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Racing Through History
They've come a long way from the simple remote control cars of the 1970s. Fancier toys, more expensive gadgets and higher speeds are available these days for the radio remote control car enthusiast. But even if you've been collecting or playing with these devices for some time, you may never have taken the time to wonder just how these toys work in the first place. A basic appreciation for the science that goes into the technology will increase your love for the cars that much more.
The Transmitter Gets Things Rolling
The first component of making your remote control car speed down the highway (or the dirt lane next to your house) is the transmitter. This is the "remote control" that gives the toy its name. The transmitter sends signals to the car through a radio frequency (usually either 27MHz or 49MHz). These signals could be complicated and thorough, or they could be very simple, such as just backwards and forwards, depending on the quality of the car.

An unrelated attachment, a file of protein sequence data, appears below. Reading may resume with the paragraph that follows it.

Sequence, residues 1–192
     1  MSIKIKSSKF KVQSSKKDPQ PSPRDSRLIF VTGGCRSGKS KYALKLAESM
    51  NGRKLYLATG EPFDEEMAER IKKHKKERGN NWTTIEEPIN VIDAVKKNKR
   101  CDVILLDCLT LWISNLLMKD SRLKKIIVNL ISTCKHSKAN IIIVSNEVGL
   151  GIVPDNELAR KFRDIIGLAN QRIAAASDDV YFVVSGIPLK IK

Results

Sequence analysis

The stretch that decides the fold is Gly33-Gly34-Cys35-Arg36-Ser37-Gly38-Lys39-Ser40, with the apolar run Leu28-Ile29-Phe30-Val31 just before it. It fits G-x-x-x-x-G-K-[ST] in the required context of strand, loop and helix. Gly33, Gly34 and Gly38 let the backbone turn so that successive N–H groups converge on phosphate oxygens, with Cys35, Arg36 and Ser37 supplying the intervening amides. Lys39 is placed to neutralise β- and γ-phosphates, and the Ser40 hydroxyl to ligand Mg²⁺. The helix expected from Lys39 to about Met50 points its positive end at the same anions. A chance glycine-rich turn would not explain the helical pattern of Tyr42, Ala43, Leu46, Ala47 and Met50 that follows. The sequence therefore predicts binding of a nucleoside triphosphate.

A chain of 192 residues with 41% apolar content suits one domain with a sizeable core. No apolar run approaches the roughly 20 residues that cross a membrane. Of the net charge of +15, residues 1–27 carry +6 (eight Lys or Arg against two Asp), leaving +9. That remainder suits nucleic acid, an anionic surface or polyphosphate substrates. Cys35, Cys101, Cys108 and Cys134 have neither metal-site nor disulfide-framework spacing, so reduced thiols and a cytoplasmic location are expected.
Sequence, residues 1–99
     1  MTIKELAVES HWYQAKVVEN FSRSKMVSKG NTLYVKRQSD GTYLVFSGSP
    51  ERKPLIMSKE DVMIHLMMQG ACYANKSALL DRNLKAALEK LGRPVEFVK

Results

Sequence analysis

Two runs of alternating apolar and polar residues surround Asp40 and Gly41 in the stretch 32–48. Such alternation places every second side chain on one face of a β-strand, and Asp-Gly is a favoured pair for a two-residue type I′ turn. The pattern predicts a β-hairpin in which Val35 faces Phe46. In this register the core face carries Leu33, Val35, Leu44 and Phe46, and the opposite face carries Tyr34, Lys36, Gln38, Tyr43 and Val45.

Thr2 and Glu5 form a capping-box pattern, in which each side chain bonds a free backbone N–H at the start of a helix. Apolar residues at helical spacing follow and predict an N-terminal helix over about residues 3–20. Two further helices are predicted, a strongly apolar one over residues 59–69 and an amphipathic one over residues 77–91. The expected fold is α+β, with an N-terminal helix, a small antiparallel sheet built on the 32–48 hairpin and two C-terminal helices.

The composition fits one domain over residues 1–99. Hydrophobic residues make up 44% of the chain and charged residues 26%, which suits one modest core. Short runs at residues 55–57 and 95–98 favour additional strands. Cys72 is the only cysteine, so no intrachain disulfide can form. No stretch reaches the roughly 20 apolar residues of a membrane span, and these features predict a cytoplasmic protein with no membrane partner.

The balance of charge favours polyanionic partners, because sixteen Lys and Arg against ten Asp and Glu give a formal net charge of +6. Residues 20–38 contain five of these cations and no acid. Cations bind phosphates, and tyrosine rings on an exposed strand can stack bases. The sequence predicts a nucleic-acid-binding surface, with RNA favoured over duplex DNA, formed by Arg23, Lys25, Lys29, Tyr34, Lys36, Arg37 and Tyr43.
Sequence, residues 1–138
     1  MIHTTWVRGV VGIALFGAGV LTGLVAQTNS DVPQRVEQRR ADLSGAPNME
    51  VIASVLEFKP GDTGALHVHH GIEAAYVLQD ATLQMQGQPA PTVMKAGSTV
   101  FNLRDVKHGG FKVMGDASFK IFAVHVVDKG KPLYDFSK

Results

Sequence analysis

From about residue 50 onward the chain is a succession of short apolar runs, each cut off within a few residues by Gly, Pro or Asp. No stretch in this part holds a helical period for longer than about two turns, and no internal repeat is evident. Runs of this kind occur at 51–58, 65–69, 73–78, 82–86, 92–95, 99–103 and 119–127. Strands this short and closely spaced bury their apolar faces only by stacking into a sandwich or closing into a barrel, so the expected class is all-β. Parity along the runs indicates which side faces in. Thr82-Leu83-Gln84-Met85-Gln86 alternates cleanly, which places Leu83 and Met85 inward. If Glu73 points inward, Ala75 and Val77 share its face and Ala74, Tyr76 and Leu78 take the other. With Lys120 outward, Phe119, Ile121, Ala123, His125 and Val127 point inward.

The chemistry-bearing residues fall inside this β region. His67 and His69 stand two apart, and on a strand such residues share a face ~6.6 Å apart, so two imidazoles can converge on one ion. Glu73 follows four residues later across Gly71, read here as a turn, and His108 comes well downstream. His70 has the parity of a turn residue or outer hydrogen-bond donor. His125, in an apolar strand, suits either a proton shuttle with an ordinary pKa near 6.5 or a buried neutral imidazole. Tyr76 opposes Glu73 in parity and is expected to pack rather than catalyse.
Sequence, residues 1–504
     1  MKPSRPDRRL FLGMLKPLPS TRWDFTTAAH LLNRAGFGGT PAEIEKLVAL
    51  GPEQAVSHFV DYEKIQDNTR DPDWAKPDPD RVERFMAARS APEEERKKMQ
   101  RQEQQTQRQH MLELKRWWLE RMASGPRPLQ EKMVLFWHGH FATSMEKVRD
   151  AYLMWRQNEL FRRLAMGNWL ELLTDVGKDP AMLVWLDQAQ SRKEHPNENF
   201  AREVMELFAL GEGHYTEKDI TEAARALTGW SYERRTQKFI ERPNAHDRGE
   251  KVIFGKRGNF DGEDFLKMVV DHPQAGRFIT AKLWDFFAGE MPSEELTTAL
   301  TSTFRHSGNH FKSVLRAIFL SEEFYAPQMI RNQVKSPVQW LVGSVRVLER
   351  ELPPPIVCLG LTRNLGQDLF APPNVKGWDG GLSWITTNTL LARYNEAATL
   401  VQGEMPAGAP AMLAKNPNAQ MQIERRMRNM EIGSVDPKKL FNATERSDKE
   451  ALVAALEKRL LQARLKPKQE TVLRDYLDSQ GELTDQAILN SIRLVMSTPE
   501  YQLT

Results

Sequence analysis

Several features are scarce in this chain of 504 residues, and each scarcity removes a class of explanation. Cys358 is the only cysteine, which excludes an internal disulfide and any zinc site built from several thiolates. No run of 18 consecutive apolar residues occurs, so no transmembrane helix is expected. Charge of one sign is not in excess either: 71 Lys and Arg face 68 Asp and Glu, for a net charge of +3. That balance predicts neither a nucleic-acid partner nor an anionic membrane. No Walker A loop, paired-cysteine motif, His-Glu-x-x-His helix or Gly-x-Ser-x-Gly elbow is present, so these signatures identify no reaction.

The Power of the Car
The radio-controlled car itself has a circuit board and a radio antenna built into its mechanism. The circuit board will control certain operations such as the directional pull of the vehicle, and the antenna will be tuned to the frequency at which the transmitter will be signalling instructions. The car will, of course, also come complete with a small motor to actually power the car. This motor is typically powered by battery. The same basic functions can be found in radio-controlled toys of all kinds, including boats and planes, with variations included to compensate for the various forms of transportation.